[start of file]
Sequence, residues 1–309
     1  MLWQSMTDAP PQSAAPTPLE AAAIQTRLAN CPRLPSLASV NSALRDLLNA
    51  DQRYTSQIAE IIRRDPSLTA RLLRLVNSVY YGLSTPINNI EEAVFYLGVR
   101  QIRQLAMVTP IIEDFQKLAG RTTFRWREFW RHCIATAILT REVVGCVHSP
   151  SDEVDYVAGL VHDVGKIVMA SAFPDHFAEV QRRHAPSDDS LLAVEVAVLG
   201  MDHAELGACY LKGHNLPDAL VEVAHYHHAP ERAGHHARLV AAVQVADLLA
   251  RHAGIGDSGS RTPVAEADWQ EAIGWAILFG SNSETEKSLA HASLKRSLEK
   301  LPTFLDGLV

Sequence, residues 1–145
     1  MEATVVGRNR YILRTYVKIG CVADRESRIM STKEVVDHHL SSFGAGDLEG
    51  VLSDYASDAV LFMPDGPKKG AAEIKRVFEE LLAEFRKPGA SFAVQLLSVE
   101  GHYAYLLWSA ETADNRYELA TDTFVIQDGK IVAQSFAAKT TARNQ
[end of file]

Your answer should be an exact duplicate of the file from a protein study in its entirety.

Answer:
Sequence, residues 1–309
     1  MLWQSMTDAP PQSAAPTPLE AAAIQTRLAN CPRLPSLASV NSALRDLLNA
    51  DQRYTSQIAE IIRRDPSLTA RLLRLVNSVY YGLSTPINNI EEAVFYLGVR
   101  QIRQLAMVTP IIEDFQKLAG RTTFRWREFW RHCIATAILT REVVGCVHSP
   151  SDEVDYVAGL VHDVGKIVMA SAFPDHFAEV QRRHAPSDDS LLAVEVAVLG
   201  MDHAELGACY LKGHNLPDAL VEVAHYHHAP ERAGHHARLV AAVQVADLLA
   251  RHAGIGDSGS RTPVAEADWQ EAIGWAILFG SNSETEKSLA HASLKRSLEK
   301  LPTFLDGLV

Sequence, residues 1–145
     1  MEATVVGRNR YILRTYVKIG CVADRESRIM STKEVVDHHL SSFGAGDLEG
    51  VLSDYASDAV LFMPDGPKKG AAEIKRVFEE LLAEFRKPGA SFAVQLLSVE
   101  GHYAYLLWSA ETADNRYELA TDTFVIQDGK IVAQSFAAKT TARNQ